Shielded by the U.S., Icann resisted attempts by the United Nations’ International Telecommunication Union to take over its job. IANA (the Internet Assigned Names Authority, the part of Icann that deals with country codes, Internet numbers and protocols) went on being part of Icann, even as other countries felt sure the U.S. must be abusing its power behind the scenes. And Icann’s “multi-stakeholder model” evolved; a hodge-podge of different interests, meeting by conference call, email list and in different cities around the world to manage the domain name system.

But as the millions of dollars of business transacted over the Internet became trillions, and the first, second and then third billion people came online, it started to look a bit odd that one government had de jure control of a chunk of the Internet. And that this oversight was done via a procurement contract.

The Internet is run by an unaccountable private company. This is a problem. Even as Icann staff travelled the world saying “we’re just a technical coordination organisation,” having a California not-for-profit organisation run part of the global infrastructure no longer passed the sniff test.

Under pressure from the EU and others, Icann and the U.S. government took small steps, spelling out their relationship in a deceptively simple document, the Affirmation of Commitments, in 2009. Icann and the U.S. would probably have muddled along together for another decade, with the occasional hand-wave towards global accountability. And then Snowden happened.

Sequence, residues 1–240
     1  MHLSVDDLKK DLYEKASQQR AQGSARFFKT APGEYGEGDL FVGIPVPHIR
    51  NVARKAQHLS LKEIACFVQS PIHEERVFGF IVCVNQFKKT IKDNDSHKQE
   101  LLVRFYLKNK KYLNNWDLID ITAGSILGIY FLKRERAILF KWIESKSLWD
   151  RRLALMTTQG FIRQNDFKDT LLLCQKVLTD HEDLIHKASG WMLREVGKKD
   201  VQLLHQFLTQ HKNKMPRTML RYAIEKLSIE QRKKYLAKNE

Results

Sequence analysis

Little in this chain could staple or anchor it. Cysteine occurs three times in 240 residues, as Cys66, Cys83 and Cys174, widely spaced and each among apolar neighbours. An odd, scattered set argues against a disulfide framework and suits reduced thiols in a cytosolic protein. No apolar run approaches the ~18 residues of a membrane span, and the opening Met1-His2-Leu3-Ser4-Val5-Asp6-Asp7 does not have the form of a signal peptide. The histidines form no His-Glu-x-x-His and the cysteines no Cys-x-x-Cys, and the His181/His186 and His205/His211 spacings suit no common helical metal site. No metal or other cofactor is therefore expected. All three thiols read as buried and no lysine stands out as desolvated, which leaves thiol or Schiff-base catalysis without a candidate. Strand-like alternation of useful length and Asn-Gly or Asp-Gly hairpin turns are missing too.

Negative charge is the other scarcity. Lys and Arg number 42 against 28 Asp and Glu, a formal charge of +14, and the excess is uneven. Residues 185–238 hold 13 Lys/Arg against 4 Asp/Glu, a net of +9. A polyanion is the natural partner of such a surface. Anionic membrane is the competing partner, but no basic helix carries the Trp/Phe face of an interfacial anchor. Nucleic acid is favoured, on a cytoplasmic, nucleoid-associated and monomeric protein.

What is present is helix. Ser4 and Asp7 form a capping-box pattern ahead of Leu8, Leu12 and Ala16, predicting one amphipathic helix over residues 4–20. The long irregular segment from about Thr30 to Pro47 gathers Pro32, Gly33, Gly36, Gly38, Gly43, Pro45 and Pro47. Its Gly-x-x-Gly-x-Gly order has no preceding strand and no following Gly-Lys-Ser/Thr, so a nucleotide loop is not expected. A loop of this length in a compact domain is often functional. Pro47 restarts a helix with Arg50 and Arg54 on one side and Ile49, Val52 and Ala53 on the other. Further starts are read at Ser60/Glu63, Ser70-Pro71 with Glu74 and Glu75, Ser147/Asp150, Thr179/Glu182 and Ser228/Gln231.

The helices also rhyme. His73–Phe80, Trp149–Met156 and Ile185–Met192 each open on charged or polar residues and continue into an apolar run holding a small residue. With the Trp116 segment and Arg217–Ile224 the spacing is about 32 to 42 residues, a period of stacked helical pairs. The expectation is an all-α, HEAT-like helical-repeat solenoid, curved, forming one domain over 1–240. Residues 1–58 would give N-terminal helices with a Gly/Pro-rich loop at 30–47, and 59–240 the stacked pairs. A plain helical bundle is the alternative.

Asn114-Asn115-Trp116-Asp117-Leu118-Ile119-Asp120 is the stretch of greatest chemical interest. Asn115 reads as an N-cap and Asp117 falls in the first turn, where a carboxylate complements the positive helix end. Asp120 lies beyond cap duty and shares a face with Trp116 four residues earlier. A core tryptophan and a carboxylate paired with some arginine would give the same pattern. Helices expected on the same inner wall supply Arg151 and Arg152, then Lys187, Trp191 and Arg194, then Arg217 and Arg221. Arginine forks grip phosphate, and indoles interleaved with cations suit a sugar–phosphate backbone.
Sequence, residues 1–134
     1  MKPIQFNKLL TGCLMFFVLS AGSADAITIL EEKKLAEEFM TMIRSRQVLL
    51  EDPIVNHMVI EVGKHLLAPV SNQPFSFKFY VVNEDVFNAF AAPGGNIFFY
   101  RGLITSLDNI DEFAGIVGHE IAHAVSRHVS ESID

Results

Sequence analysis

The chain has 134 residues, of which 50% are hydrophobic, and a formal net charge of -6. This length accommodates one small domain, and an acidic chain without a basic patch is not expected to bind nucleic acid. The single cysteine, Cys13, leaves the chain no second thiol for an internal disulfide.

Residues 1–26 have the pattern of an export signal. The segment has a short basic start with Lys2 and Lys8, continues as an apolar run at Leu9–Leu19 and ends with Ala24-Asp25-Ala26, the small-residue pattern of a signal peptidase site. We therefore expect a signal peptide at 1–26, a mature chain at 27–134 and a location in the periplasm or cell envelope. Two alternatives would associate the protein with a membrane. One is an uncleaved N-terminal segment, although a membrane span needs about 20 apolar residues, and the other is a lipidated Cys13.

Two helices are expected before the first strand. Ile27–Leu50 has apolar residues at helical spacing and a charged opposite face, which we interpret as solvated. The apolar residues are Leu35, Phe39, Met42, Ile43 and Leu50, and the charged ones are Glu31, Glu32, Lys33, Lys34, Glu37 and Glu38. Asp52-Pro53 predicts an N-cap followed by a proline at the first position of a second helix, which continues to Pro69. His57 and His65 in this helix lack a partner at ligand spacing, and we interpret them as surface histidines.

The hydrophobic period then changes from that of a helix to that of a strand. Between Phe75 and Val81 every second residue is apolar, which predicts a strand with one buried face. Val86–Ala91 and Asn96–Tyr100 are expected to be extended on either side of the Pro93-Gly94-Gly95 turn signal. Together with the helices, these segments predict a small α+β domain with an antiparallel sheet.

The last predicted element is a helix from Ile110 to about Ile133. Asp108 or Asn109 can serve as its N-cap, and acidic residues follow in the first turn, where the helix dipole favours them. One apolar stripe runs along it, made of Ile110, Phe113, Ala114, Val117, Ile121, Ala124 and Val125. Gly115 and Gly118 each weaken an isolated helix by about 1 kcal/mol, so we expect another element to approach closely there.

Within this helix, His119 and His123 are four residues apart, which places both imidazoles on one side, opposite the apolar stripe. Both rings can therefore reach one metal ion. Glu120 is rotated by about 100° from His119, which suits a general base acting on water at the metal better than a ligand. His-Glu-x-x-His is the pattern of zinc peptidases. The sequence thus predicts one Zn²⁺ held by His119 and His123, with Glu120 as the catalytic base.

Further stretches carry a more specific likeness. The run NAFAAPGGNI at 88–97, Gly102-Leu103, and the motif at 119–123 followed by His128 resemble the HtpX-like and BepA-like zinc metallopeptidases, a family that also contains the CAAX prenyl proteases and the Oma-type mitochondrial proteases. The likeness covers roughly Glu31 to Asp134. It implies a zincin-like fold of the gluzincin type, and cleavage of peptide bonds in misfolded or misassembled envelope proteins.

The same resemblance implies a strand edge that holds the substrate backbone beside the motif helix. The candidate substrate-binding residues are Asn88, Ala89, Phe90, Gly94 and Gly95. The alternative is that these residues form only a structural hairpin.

In September 2013, just months after the first Snowden revelations confirmed long-suspected global Internet surveillance by the U.S., the Internet’s elders rebelled. Technical organisations around the world issued the “Montevideo Statement”. No one was more surprised than themselves when the sleeping giants of technical organisations woke up and growled that the “recent revelations of pervasive monitoring and surveillance” had undermined the trust of Internet users around the world. It was time, they said, to hurry up and “globalise the Iana”.

Pharma firms breathe easy after court intervention

A number of Indian and multi-national pharmaceutical companies got temporary relief from the Delhi High Court, which stayed a government order banning nearly 350 drugs on safety grounds. Pfizer also got a similar relief.

Abbott India, the local arm of American pharmaceutical multinational Abbott Healthcare, said that it had obtained an interim injunction suspending the operation of the government notification that prohibited the manufacture, sale and distribution of several fixed dose combinations already approved for use, till the next date of hearing.

Abbott reviewed the Drug Controller General of India (DCGI) notification regarding fixed dose combinations and approached the Delhi High Court for relief, as it was not informed, consulted or allowed a representation by the authority for some important products.

The banned Phensedyl received DCGI approval in 1995 and had been on the market in India since the 1980s, the statement said, and claimed that the syrup had been used safely and effectively by physicians and patients alike.Company said that some of the other formulations in our petition are in use globally, including the US, UK and Australia, and are approved by regulatory bodies such as the US FDA (Food and Drug Administration.